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Friday, July 19, 2024

Being Black in Halifax: Mum

Kimber Wesley's Mum screens as part of the Being Black series of shorts at the 2024 Halifax Black Film Festival.

Returning to the Halifax Black Film Festival, the latest cohort of young filmmakers aged 18-30 from across Canada created short documentaries addressing the issues that impact Black communities. Among them are four local filmmakers who share their stories about what it means to them to be Black and living in Halifax.

In this Q&A, we learn more about their film Mum from Halifax filmmaker Kimber Wesley. Wesley’s film screens with other film shorts in the Being Black series from Halifax, Montreal and Ottawa filmmakers on February 24 at Cineplex Park Lane (5657 Spring Garden Rd, Halifax). Visit halifaxblackfilm.com for tickets and information.

This interview has been edited.

Tell us about Mum. What can audiences expect?

My film Mum is about me looking back on my childhood and reflecting on how hard it was being in foster care. I became pregnant in my early 20s, which is when I started to realize how dysfunctional my childhood was. It took a lot of strength for me to be so vulnerable in the film, but I hope the audience finds it inspirational after watching it.

What was your inspiration for the film?

Halifax filmmaker Kimber Wesley (above) looks back on her childhood and reflects on how hard it was being in foster care in her new short, Mum.
Halifax filmmaker Kimber Wesley (above) reflects on her childhood and how hard it was being in foster care in her new short, Mum.

My mentor, Sobaz Benjamin, introduced me to his idea called “Kintsugi monologue,” which brings broken pieces back together, making something more beautiful. With storytelling and film helping my healing process, I’ve realized that just because I’ve experienced trauma in my past, it doesn’t have to determine my future.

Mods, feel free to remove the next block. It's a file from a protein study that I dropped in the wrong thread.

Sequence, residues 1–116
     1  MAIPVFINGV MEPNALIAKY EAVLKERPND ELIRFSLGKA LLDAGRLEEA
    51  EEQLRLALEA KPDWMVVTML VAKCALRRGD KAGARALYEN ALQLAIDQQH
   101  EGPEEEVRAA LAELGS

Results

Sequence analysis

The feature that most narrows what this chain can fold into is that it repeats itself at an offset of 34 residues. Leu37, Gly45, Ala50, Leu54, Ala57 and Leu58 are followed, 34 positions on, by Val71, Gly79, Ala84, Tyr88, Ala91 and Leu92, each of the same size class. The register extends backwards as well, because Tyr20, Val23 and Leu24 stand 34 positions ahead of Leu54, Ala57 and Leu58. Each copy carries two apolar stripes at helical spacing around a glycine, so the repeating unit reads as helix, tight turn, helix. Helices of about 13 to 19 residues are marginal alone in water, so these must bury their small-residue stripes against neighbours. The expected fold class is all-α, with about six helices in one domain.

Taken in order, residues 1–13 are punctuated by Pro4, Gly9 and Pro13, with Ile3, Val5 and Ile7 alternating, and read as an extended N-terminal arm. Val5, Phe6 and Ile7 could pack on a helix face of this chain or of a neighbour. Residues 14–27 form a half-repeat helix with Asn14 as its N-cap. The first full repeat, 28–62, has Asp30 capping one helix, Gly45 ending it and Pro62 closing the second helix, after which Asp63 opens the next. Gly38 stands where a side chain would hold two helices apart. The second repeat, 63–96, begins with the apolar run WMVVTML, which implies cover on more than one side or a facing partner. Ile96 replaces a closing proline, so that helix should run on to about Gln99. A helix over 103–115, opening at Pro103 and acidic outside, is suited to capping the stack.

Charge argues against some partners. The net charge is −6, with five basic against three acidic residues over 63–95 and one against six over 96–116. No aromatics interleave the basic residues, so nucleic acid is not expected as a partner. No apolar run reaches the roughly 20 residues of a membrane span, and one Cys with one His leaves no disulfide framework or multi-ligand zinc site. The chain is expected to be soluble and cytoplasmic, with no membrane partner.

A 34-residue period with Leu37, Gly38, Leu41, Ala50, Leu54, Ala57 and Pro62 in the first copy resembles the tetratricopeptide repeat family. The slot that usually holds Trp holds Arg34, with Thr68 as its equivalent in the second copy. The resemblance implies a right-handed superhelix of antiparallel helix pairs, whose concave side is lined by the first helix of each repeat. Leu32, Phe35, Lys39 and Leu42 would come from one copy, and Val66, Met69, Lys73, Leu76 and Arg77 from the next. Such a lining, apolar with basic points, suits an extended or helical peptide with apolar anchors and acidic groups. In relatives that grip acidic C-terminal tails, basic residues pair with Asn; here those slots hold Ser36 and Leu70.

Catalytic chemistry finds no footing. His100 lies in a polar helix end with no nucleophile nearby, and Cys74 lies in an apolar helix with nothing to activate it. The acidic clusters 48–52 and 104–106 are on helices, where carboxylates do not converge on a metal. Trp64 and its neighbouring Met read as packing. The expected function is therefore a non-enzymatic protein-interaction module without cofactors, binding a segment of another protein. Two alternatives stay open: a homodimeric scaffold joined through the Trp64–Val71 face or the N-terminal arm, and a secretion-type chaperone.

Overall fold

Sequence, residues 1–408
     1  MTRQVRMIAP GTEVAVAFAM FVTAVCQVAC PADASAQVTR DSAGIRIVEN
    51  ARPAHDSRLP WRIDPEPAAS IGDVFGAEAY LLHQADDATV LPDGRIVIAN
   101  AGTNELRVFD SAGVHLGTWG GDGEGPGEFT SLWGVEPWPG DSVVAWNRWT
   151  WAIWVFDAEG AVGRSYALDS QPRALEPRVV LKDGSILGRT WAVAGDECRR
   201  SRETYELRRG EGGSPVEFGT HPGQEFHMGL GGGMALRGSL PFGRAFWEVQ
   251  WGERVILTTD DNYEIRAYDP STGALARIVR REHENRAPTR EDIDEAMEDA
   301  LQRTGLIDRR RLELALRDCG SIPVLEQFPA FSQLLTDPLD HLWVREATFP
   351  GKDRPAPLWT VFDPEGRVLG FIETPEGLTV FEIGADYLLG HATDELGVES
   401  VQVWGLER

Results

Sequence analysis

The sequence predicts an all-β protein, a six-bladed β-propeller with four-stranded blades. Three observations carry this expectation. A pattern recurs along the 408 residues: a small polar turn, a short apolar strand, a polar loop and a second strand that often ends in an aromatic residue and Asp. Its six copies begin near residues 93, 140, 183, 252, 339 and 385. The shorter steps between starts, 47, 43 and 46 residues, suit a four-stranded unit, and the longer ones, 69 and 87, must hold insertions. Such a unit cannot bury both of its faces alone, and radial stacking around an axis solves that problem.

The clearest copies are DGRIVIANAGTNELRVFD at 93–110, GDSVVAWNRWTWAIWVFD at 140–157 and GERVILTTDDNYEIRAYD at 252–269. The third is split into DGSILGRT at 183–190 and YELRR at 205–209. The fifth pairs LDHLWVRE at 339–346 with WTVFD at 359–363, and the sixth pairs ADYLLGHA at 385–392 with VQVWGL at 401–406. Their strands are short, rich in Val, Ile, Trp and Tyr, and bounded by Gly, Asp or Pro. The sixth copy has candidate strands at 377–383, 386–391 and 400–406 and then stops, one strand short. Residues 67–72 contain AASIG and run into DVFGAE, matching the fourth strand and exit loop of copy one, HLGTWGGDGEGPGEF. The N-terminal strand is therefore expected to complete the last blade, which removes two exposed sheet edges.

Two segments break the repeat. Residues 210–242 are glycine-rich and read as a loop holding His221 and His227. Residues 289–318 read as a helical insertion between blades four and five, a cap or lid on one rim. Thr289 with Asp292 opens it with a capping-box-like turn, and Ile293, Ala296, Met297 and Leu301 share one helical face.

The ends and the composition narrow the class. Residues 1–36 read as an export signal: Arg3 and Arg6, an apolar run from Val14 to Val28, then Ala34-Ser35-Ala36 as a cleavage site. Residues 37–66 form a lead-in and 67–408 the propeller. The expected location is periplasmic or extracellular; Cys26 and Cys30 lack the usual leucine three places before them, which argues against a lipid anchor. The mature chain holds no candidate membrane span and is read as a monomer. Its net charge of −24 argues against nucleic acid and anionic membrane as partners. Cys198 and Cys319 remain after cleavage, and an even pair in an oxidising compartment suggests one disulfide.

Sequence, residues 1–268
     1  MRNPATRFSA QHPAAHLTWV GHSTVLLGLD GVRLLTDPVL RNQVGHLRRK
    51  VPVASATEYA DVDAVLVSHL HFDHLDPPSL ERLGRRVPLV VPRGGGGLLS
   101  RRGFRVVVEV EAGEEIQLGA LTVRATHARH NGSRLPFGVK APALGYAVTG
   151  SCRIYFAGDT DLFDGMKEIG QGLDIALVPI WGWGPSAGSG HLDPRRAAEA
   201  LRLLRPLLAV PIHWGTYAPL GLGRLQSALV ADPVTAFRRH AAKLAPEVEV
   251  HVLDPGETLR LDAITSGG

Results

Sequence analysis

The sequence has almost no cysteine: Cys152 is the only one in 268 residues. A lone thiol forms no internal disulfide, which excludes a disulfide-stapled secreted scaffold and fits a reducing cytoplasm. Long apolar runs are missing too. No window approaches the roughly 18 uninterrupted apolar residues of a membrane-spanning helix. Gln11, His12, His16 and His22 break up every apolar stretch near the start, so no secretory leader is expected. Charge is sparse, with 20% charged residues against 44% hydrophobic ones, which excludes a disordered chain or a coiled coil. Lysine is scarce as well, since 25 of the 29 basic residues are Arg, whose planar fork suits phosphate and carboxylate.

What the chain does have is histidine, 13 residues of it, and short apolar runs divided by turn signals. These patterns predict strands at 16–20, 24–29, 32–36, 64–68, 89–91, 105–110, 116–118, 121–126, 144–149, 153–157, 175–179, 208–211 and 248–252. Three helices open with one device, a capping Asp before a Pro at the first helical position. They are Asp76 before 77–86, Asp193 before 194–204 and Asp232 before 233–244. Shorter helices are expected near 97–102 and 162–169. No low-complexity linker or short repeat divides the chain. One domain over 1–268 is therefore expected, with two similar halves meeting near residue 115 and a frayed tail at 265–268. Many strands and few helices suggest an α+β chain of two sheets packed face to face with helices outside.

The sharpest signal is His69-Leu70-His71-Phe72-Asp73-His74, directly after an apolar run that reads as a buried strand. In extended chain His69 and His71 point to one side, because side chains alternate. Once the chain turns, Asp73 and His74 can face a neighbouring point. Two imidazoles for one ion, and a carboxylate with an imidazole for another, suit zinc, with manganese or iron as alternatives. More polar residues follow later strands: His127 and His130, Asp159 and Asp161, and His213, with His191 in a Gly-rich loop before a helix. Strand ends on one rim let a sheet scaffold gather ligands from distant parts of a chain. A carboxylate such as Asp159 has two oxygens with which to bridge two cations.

Why this particular film now?

Last year, the Being Black in Halifax series was all male. This year, it is all female, so I was very grateful to have this opportunity to share my film this year.

What was your biggest challenge in making the film?

It took a while for me to process my emotions and to dig deep into memories I’ve tried not to think about. With a time limit on the short film, it was hard to pick and edit the important parts. There were a lot of details left out to ensure it didn’t exceed the time limit.

What will surprise audiences about your film?

There is a plot twist with a trigger warning during the film, but fortunately, there is a happy ending so that people may go through a rollercoaster of emotions.

What do you hope audiences walk away talking or thinking about after seeing the film?

I hope it will inspire other mothers. Specifically, women who have gone through being in foster care or even just general childhood trauma. It’s not talked about enough how hard it can be to become a parent after not having good parental support and guidance, so I hope some may feel like they aren’t alone.

What’s next for Kimber Wesley?

I’m hoping to create a series of other mothers coming forward with their stories on what it’s like to become a mother after going through childhood trauma. Parenthood is a journey with many ups and downs, but it’s a little different when you don’t come from a stable home and don’t have parents to look up to. Also, if there are any questions from any viewers, I don’t mind answering them. I may even make a longer film with more details. What I’ve gone through as a child was pretty intense, so I didn’t want to traumatize the audience in 10 minutes during the festival.

Mum screens as part of the Being Black series from Halifax, Montreal and Ottawa filmmakers on February 24 at Cineplex Park Lane (5657 Spring Garden Rd, Halifax). Visit halifaxblackfilm.com for tickets and information.

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